From God’s perspective, being disadvantaged was not necessarily punishment (though sometimes it is – Luke 1:20; Acts 14:9-11). Nor were people who were disadvantaged to be treated like second-class citizens. They were recognised as members of the community, and were to function as such. In this, the provision was not a hand out. It did not allow these disadvantaged groups to sit around all day and do nothing. In order to eat, and provide for their family, they were
to be involved with the surrounding community and they were to be responsible for their actions.
Our perspective on disability involves more than simply providing for immediate needs. There is a social dynamic that needs to be considered. That is, enabling people to exercise their God-given abilities, as small as they may be, to become active members within their community.
We see a similar approach in the ministry of Jesus. Through the Gospels people are reconciled not only with God, but with other people. And how people are reconciled to other people reflects how they are reconciled to God. We see this in the way Jesus engages with people. In Matthew 20:29-34 we read how Jesus was leaving Jericho when he met two blind men. He asks, “What do you want me to do for you?’ This may seem to us modern, task orientated people an odd thing to ask. It’s pretty obvious what these blind men want. They want their sight restored. So why doesn’t Jesus just heal them?
The answer to this is quite simple. This is possibly the first time in their lives that these two men have been treated like human beings. The culture tells a lot about the attitudes towards people with disabilities at the time. We know from a well of information that such people were considered to be a blemish on the fabric of the holy society and it’s little wonder that the crowd told them to “shut up”. It was an embarrassing thing for a great teacher to be pestered by two blind men whose blindness proved they obviously had been rejected by God.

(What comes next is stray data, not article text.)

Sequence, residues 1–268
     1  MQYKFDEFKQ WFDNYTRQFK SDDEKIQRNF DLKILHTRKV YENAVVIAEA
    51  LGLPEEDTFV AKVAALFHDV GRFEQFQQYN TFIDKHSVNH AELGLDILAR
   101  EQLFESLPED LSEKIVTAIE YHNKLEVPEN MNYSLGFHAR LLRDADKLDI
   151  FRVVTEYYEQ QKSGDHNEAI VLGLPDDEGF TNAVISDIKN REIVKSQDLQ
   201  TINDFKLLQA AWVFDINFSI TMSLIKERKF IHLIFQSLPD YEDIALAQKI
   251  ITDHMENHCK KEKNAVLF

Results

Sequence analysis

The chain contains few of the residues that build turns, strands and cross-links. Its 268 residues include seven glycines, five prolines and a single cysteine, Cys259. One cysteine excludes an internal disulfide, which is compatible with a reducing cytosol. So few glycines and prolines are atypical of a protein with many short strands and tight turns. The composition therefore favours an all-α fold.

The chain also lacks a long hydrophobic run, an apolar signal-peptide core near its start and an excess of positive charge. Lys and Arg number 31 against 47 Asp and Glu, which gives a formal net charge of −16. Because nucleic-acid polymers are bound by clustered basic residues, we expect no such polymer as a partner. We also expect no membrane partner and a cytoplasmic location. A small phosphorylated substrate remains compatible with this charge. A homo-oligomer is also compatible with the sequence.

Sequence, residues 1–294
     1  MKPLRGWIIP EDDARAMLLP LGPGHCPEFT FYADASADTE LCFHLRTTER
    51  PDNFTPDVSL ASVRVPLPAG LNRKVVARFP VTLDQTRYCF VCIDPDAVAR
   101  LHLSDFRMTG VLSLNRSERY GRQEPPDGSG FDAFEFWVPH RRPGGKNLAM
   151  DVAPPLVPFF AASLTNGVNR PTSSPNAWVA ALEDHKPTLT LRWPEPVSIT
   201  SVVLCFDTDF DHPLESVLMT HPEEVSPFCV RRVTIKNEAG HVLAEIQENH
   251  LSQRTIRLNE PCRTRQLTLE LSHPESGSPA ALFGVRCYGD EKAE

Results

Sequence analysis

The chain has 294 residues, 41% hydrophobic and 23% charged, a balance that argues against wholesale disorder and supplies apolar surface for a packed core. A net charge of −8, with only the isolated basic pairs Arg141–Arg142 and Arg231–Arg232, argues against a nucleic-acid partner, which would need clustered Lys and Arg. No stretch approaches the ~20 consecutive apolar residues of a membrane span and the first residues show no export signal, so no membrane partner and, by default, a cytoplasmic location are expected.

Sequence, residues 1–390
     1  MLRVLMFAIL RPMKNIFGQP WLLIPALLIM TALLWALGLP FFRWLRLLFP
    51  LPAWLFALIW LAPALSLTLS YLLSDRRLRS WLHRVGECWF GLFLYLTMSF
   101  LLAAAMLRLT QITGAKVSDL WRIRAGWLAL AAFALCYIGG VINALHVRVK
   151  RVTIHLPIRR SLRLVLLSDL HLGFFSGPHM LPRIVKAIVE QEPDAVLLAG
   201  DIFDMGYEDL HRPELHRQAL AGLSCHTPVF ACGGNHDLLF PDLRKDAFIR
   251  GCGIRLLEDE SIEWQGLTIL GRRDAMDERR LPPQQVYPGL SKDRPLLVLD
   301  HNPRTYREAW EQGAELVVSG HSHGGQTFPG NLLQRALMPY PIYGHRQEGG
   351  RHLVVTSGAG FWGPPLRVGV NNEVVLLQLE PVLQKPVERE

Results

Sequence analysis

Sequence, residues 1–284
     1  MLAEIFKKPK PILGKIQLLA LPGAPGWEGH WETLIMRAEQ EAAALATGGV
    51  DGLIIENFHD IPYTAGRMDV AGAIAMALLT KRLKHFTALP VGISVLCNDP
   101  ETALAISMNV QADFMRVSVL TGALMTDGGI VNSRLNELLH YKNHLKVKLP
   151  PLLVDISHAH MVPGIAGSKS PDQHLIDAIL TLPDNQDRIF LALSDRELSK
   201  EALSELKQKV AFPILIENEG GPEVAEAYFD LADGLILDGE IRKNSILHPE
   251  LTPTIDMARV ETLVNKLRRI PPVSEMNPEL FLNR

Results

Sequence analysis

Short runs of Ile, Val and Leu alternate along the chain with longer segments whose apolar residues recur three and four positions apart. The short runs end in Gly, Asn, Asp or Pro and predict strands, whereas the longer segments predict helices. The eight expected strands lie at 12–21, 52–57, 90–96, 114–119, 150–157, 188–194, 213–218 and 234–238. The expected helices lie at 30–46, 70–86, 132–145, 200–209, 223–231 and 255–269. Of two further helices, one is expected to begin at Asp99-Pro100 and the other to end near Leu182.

Living with a disability is difficult, but it need not be a disaster.
So notice the gravity of what is happening here. It could be the first time that someone had placed himself at the disposal of these two blind men. And it’s not just anyone who involves himself with these two men. Matthew describes Jesus as the One who is faithful to God. So the One who is faithful to God is making Himself available to people who are perceived to be not faithful to God. For Jesus, it wasn’t simply a matter of enabling these two blind men to see, but engaging with them personally. And this was a restoration of their humanity as well.
Living with a disability is difficult, but it need not be a disaster. From God’s perspective, He is not surprised by disability, and remains sovereign over people’s circumstances, no matter how challenging those circumstances. God is concerned for the welfare of people with disabilities, as with other disadvantaged groups, and wants them to be actively involved in His community. In the person of Jesus, God is concerned to see people with disabilities reconciled, not only in relation to Him, but in relation to their own humanity as they are reconciled to other people.
God’s perspective on disability needs to inform our perspective on disability as we minister the gospel to all. It’s a perspective that sees people with disabilities as not just “those with needs”, but as people who are welcomed, the same as anyone else, to be part of God’s community and engaged in it.
Published in Summer 2013/2014 edition